My point was rather that you seem settled on the fact that God doesn’t exist. Fine. We can debate that for years and probably not get anywhere (but who knows?). What I find surprising though is that, given that there are so many intelligent and thinking people who do believe in God, why you would trust your conclusion that they are all insane (famous or otherwise) uncritically. You might be right (I am not the guardian of truth) but we aren’t insane because we hold wrong beliefs. I read your posts with interest and I don’t find them convincing at all. This is not because I am insane!read more...
“They call them extremists. We have our own names. We call them senators, congressman, governors, mayors, state legislators.” [Ralph Reed, Christian Coalition Executive Director]
It’s a disturbing observation that some people discuss matters not to learn or to investigate them but merely to convert you. I am talking about mystical minds, supers, and those who believe in things beyond the natural world or outside of the Universe, whatever that might mean.
There is a nice saying, attributed to Socrates by no one less than Plato, “I am wiser than this man, for neither of us appears to know anything great and good; but he fancies he knows something, although he knows nothing; whereas I, as I do not know anything, so I do not fancy I do. In this trifling particular, then, I appear to be wiser than he, because I do not fancy I know what I do not know.” And this is what the horror story I am going to tell you is formed around.
Let us assume, just for the sake of the argument, that we defined the word “god” already in such a way that it is coherent, consistent, and meaningful. That’s to say, let’s assume that we know what we are talking about. Then, we would be able to talk about what we called “god” without uttering pure nonsense. Only then! That is a big problem right in the beginning. In order for us to talk about an entity, call it x, we need to know something about it. Maybe we need to know what relationship(s) it might have with some other entities like y. Or perhaps what properties x might posses and lack. Even if x is an imaginary, abstract entity that we just made up, we need to know something about it.
How much do we need to know about x before we can start talking about it? Do we need to know everything about it before we can start? Everything that there is? Obviously not. Then, how much knowledge do we need to have, as a bare minimum, before we can start to talk about x?
In different sciences, when we postulate an entity such as x and we try to find its relationship with other entities, we usually know at least one thing about x, that x, whether it exists or not, might have some relationships with other entities.
Look at a very interesting entity called i, the imaginary unit, whose core property we decided to be i2 = -1. Pretty funny, eh? So, right away we know a few things about i:
i2 = −1
Solving i is not possible with axioms of elementary arithmetic, (as Edgar Brown said, “Simple equations such as a × a = −c cannot be solved even though a and −c are inside the real field unless we close the field with the addition of “i””); it goes against axioms such as:
a × 1 = a
a × −1 = −a
The product of two negative numbers is the same as the product of the same two positive numbers:a × b = (−a) × (−b) Here are the proofs for the axioms by the way (http://goo.gl/OqBDw).
As you can see, as soon as we assumed the existence of i as an imaginary friend, we started to know a few things about it. Nevertheless, all what we knew about it, or all what we assumed was nothing but i × i = −1.
This example shows us something important: That what we know or assume about x cannot be nothing. Either we have to know something about x or we have to assume something about x.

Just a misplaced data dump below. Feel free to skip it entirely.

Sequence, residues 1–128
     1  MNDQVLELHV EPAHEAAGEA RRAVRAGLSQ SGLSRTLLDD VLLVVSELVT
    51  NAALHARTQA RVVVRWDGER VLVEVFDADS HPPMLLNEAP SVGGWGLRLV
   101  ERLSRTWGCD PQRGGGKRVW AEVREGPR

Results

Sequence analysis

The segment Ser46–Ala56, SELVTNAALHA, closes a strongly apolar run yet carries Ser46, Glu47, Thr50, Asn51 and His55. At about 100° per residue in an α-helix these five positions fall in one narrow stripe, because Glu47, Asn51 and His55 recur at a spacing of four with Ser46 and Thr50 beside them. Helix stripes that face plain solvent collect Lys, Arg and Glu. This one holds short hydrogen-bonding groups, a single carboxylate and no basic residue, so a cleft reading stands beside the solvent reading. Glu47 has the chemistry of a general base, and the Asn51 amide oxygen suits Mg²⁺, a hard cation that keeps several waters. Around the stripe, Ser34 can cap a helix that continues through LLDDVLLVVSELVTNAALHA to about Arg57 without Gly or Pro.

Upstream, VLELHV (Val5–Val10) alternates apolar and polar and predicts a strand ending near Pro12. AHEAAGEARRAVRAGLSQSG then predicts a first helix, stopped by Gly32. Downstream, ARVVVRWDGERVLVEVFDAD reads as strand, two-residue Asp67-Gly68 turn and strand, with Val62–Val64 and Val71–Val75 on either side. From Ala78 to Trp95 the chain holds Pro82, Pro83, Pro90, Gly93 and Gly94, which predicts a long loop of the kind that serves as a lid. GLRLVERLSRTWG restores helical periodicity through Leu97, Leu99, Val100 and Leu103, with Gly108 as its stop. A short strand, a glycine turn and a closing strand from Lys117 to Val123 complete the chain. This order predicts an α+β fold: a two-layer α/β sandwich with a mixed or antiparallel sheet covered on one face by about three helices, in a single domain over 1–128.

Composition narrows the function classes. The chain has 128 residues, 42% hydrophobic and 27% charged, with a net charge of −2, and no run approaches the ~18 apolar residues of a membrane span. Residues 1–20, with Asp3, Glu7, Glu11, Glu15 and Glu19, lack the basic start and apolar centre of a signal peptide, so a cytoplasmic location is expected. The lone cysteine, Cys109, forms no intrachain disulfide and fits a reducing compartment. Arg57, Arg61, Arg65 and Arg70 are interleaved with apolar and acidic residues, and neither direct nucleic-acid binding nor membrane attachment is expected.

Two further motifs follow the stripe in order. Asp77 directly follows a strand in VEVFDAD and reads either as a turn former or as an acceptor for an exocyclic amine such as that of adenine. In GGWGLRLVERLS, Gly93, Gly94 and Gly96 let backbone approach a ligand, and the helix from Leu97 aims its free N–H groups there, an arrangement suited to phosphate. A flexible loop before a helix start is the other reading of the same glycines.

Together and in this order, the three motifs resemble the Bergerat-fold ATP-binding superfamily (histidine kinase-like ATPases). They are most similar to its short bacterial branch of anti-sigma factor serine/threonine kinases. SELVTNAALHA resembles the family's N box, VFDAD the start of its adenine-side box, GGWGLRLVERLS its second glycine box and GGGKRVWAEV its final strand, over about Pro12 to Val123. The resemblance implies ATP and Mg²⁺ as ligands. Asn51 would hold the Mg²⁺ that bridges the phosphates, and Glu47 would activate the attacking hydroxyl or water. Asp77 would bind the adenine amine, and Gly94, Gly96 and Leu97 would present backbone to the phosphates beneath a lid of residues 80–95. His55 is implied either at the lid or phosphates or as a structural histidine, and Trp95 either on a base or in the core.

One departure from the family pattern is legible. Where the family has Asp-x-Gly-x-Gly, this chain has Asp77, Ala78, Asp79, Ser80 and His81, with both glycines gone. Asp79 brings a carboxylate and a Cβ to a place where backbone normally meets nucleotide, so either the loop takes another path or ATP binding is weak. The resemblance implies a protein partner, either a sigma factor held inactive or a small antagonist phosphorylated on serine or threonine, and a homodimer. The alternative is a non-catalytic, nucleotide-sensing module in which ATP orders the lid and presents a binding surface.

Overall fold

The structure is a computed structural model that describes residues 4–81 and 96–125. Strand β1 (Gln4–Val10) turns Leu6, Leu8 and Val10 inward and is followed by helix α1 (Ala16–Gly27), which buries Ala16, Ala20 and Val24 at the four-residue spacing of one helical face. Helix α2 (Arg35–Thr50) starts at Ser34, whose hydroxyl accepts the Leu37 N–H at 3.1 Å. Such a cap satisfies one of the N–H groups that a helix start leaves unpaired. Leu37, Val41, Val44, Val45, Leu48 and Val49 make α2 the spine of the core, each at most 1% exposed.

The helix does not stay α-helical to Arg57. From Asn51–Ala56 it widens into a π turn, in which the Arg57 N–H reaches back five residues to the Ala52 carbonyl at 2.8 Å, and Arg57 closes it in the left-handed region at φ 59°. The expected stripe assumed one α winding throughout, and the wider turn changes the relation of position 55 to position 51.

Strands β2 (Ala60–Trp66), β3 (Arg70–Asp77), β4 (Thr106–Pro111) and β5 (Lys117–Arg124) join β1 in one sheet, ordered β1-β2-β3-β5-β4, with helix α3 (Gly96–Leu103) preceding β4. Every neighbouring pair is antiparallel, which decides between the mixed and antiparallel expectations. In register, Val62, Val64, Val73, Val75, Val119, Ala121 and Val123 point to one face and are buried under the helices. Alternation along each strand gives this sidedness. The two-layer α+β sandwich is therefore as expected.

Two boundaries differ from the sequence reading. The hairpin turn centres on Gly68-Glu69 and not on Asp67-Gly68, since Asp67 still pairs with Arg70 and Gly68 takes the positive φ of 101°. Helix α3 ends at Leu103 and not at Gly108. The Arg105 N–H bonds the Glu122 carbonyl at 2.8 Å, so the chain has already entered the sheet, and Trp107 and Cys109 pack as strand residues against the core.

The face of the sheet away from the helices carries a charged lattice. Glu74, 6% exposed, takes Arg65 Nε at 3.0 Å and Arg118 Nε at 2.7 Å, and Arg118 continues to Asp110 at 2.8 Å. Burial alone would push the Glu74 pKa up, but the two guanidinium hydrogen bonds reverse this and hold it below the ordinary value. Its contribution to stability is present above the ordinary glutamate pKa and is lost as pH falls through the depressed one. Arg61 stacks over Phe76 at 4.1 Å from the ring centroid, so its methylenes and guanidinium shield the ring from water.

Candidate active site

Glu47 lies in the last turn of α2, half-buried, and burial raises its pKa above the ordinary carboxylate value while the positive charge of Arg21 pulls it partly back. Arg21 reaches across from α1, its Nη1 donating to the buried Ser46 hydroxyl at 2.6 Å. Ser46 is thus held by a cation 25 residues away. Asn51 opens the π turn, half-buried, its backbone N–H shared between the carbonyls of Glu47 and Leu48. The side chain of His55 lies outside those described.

Now, when it comes to the concept of “god,” people seem to either assume or claim to know something about it. Let us investigate each options separately.
Assuming that x exists
We usually assume something when we don’t know enough about what we are assuming. What comes after the assumption, is usually derived through induction or deduction. If our assumption is false, the consequences of our reasoning after the assumption does not matter. The consequences might be true (in case of invalid arguments from the false assumptions) or false (in case of valid argument from the false assumptions). In both cases, the consequences do not matter. No sound argument can be made that has false assumptions, valid arguments, and also true consequences.
If the assumption happens to be true though, and our arguments also happen to be valid, then we will have nothing but true consequences.
However, the big problem with this, when it comes to assuming the existence of “god” is this: How do you know that your assumption is true?
How do we know if an assumption is true?
There is one way, and only one way to make sure if an assumption is true: Testing.
There are many ways of testing an assumption to see if it’s true or false. But, all of them are testing, one way or another. You might be able to test it by:
Comparing it with other established facts and see if it conflicts with them
Find an example that contradicts the assumption
Try to gather evidences to support the assumption
There are many more ways of testing an assumption but all of these methods are different ways of testing. Among these methods, the weakest one is the third one. What the third method can do for us at best is to give us some hints. Examples and evidences alone are not enough for an assumption to be true. They must also coincide with (i.e. be corroborated by) other methods of testing our assumptions. Here is an example to show you why mere evidences are not enough to conclusively show an assumption to be true.
a. Let’s assume that all swans are white
b. We go to a park in Dusseldorf with a beautiful lake in the middle and see four white swans in there
c. Can we conclude that, “Yeah! ALL swans are white”?
d. No, we cannot.
e. How many more observations do we need before we can conclude that a is true?
f. Does seeing 100 white swans prove a?
g. No, it doesn’t.
h. Does seeing 100,000,000 white swans do the job?
j. How many then?
k. The number doesn’t matter. Evidences alone cannot prove an assumption like a to be trueread more...